By: Johan Carlsson
Photos by: Jonas Linell

Release was invited to Kent's studio Psykbunkern. Since we have just been knocked down again by another beautifully dark Kent album "Du & jag döden" ("You & Me Death"), what else was there to do than accept. And after all, we're talking about the biggest and best of all the thousands of bands in Sweden.

Welcome to the black bunker
When I’m walking around in the idyllic suburban area of Örby outside of Stockholm, I find myself thinking that it’s a bit wild that the biggest band in Sweden has its base here of all places. In between houses with nice gardens lies the former Park Folkets hus (town hall) that Kent have made into a modern recording studio, lovingly called Psykbunkern (freely translated into “the psychotic bunker”).
Once inside I meet with Sami Sirviö, resident guitar virtuoso and as I find out, an all-round nice guy. I’m immediately struck by the overall black theme in the studio. The windows are dark, all the doors are black, the sofa we’re sitting in is black... you get the idea. They have a really cosy relax room in one part of the studio, which is where we talk. It’s equipped with some of the essentials in life: a big screen projector, an xbox, a Playstation 2, a DVD player and so on, but in preparation for the upcoming tour, it’s filled with transportation boxes.
– We really like it here, says Sami. It’s good to get away from the city. It was Stefan Boman, who produced “Du & jag döden” with us, that knew about this place. It used to be a music equipment shop and Stefan had heard that they were closing down. So he and I got things going, had people building the studio, and we bought a huge mixing desk from Japan.
Kent plan to stay in their bunker for some time.
– If we get tired of recording here, we could just go and do the basic recordings somewhere else, and get back here for the mix and to finish up. It’s an economic gain as well, as we took the recording budget for this instead of hiring a studio for 12 000 (Swedish kronor, about $ 1 700) a day.

From left to right: Martin Sköld, Harri Mänty, Markus Mustonen, Joakim Berg and Sami Sirviö.

EP after the summer?
For the new album, Kent changed studio tactics. Instead of piecing together tracks on the computer, they rehearsed the songs for three months. Around twenty songs were rehearsed, of which eleven ended up on the finished product. Kent wrote several great tracks that didn’t fit in. Two of them are used on the latest single “Palace and Main”, and Sami tells me that they almost cried when one of those tracks – “Nihilisten” – was pulled from the album track list, because it didn't fit the flow they were trying to create.
They also have some songs that they didn’t have time to complete. These may end up on an EP at the end of the summer, Sami tells me all this slowly; seemingly thinking about if he really should tell me.
– Maybe we’ll only release it via Itunes. Do something different. People think it’s easier to download songs, and we understand that. So it’s better that we find a solution, than to fight each other.

The art of creating a buzz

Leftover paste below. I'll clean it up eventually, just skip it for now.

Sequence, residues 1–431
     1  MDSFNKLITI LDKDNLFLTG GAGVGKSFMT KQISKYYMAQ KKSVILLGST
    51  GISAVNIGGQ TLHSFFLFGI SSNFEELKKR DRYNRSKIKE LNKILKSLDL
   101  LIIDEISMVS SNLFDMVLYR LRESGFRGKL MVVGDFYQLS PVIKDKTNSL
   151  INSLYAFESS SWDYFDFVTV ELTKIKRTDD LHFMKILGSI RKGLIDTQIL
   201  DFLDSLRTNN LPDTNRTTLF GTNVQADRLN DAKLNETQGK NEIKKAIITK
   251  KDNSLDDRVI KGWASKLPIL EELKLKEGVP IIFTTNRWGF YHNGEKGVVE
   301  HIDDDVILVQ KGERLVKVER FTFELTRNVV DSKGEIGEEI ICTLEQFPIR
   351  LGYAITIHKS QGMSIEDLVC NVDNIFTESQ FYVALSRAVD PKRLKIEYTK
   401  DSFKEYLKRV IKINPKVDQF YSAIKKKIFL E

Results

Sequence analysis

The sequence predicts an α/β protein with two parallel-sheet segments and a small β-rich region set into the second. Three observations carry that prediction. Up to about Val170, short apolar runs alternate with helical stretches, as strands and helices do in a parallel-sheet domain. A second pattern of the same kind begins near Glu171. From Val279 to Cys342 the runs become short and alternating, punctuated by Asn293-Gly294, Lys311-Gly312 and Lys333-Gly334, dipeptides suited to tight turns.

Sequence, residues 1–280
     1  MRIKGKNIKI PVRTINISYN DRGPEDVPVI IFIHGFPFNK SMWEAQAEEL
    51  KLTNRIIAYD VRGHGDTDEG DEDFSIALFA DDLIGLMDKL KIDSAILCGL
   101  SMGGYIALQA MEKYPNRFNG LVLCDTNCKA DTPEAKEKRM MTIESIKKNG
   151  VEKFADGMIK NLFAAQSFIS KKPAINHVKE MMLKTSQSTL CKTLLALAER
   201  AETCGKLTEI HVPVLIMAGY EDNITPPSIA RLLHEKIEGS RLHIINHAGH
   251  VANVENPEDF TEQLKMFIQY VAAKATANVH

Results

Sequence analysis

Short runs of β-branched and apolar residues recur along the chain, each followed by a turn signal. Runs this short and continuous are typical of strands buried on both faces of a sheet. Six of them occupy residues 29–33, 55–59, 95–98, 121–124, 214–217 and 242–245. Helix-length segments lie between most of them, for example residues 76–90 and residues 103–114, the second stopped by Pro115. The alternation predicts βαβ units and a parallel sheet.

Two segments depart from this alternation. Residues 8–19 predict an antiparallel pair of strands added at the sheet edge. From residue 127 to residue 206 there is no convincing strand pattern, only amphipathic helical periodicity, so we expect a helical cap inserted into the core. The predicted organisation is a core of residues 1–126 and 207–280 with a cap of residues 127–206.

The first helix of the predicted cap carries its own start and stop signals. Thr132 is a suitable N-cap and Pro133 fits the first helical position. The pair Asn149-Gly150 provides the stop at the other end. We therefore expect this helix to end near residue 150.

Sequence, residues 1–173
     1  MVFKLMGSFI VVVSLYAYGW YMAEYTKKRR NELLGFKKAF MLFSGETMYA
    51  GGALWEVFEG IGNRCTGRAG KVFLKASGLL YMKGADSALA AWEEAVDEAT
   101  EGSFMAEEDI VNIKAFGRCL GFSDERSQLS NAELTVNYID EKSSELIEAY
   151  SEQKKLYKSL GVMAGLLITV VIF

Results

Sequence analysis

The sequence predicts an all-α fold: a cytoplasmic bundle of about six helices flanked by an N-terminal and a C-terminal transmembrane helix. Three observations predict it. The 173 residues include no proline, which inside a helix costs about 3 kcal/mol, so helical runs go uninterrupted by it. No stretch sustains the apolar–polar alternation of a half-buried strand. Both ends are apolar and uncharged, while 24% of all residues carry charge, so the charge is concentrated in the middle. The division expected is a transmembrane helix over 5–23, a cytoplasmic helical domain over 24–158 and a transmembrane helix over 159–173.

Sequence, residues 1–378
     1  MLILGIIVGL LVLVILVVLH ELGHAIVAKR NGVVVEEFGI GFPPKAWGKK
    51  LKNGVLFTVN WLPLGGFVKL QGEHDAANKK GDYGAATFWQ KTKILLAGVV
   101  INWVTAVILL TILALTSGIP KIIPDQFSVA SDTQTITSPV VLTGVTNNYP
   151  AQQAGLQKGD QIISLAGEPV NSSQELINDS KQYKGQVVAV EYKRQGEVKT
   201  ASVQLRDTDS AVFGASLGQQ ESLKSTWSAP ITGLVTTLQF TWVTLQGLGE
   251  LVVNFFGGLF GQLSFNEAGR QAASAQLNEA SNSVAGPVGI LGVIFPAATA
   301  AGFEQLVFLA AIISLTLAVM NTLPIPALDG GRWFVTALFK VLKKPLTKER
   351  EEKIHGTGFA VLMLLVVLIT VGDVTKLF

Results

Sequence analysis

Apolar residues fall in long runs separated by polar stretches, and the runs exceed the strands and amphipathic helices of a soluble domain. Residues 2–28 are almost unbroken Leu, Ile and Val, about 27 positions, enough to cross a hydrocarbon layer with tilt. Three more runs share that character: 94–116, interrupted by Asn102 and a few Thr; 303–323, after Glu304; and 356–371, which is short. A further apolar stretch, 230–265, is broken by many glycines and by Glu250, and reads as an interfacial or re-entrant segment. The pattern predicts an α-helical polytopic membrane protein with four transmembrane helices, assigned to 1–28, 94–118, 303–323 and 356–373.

The cover art of “Du & jag döden” is based on a painting by Oskar Korsár. He was introduced to the band by Johan Renck (Stakka Bo), who takes care of some of their stage production. Oskar had made a painting of a skeleton and a girl sitting on the beach, holding each other. Sami thought that obviously, the image would fit well with the theme of the album, and asked Oskar if he could make a painting especially for them. Unfortunately he didn’t have time to do it, so Johan Renck’s production company did it, on computers, instead. The result has been the center of some serious debate on Kent’s web forum.
– We knew there would be talk, of course. But that’s also the point. Instead of having a beautiful photo of a landscape or an animal, we thought that this time, we should do something completely different.

Kent rent a tent
Just before the time of the interview, Kent played Copenhagen as a test before the real tour started. It went very well, with rave reviews, and a building anticipation among the fans. The main tour will make use of Europe’s biggest concert tents, humongous beasts built to accommodate 18 000 people at once. These will be used at the four shows in Stockholm and Gothenburg, while other cities have to do with smaller tents.
Anna Ternheim is going to open the shows. She is a Swedish newcomer Grammis winner and Kent are pleased with having her joining them.
Kent might go from the big and bold, to play small club gigs this autumn: around 20 gigs in total, in locations with a maximum capacity of 1 000 people per venue.
– I’m more nervous at a club gig, because it’s so intimate and close. The big stages are more relaxed, actually, Sami thinks.
– It was our booking company that came up with these tents, and we thought it might be a really good idea, because… well, it’s probably going to rain, hehe. You can do much more with the lighting as well, because it’s dark around you inside. Compared to the warm-up gigs, there will be some new lighting equipment that we haven’t used before.
The set list will probably change over time, Sami tells me, which is good news for those, like myself, who plan to see more than one performance (in my case Gothenburg and Stockholm).
– The list is actually always the hardest part. It’s always hell to come up with it. We vote for songs, but then you often realize while rehearsing that it doesn’t work. You have to create an even flow, tempo-wise. You can’t go from ballad to a fast song, back to a ballad, and then to a fast song again. People will freak out. And then you have to think about if there are three songs with similar intros..., well then you can’t play them after each other, can you?